I saw a tweet this week by Paul Krugman asserting, “What we do have is a persistent problem of weak demand; yes, we have full employment now, but only with extremely low interest rates, which means little ability to respond to the next downturn. This makes a strong case for a big government investment program.”
Ah yes. It’s the Keynesian solution to every problem. Just spend more money!
Or break a window.
Oh, wait. Broken windows mean spending money. So nevermind, it’s always spending money.
Silly Keynesians and their silly Keynesian fiscal stimulus.
And it is silly. This is, after all, the guy who suggested a fake alien invasion would be good for the economy because it would boost government spending. Remember that? I’m not making this up. Krugman actually said this.
“If we discovered that, you know, space aliens were planning to attack and we needed a massive buildup to counter the space alien threat and really inflation and budget deficits took secondary place to that, this slump would be over in 18 months,” he said. “And then if we discovered, oops, we made a mistake, there aren’t any aliens, we’d be better—“
I think he was going to say we would be better off. Ummm. Yeah. OK. I’m pretty sure building weapons to fight off fake aliens would make my life at least 36% better, especially if I was taxed for it.
But why not dispense with the theater? Why not just hire a bunch of people to dig random holes? It’s pretty much the same thing. In fact, I think there might be slightly more utility in random holes than weapons to fight non-existent aliens.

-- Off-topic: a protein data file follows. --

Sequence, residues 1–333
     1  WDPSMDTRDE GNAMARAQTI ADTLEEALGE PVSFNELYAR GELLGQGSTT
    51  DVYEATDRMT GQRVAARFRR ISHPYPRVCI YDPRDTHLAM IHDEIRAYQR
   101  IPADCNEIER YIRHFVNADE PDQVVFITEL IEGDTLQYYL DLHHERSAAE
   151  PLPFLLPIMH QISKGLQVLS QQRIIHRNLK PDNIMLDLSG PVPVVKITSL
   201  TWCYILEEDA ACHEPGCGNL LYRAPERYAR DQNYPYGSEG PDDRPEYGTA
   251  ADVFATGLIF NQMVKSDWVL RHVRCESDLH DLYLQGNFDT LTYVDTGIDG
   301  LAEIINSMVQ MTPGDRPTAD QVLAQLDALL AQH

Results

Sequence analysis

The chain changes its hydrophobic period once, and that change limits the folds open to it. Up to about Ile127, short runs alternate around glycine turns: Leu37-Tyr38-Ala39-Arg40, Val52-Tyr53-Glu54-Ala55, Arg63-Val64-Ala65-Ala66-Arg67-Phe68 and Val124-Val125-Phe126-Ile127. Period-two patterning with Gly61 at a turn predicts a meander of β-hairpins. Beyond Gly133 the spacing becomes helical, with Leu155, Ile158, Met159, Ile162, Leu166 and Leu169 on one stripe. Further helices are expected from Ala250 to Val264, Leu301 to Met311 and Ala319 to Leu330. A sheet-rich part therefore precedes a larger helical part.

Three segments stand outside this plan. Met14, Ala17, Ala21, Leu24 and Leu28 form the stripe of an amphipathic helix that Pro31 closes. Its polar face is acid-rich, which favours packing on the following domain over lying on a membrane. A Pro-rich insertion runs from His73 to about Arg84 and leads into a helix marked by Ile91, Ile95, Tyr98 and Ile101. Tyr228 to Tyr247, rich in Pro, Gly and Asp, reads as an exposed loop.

If you think I’m just being obtuse and Krugman might actually be onto something here, please, for the love of all that’s good and true, take a few minutes to read Bastiat’s explanation of the broken window fallacy.
Anyway, back to Krugman. I’m a little confused. He says we need a big government spending program. It’s hard to even fathom what Krugman is talking about. I mean, what exactly does he think we’ve got right now?
In FY2019, the federal government spent a staggering $4.45 trillion, according to CBO estimates. That was an 8% increase over FY2018. Both military and domestic spending increased. In other words, we saw a healthy expansion in both the warfare and welfare states. Despite increasing federal revenue, the national debt grew by $1.2 trillion in FY2019. (If you’re wondering how the debt can grow by a larger number than the annual deficit, economist Mark Brandly explains here.)
But we still need a “big government investment program?” If $4.5 trillion isn’t enough government fiscal stimulus, how much is? Six trillion? Seven trillion? The federal government is already spending money like drunken sailors. (I mean no disrespect to drunken sailors. I’m pretty sure their money is better-spent than Uncle Sam’s.) The government would pass out from alcohol poisoning before it got drunk enough to spend the amount of money Krugman wants. We’re at peak silliness here.
Not to get too political, but I’ve noticed a pattern over the years. Republicans complain about Democrats spending money and then they get power and keep right on spending money. Meanwhile, Democrats claim the Republicans aren’t spending enough money and when they get into power, they spend more money.
Notice the common denominator — spending money.
We’re all silly Keynesians now!
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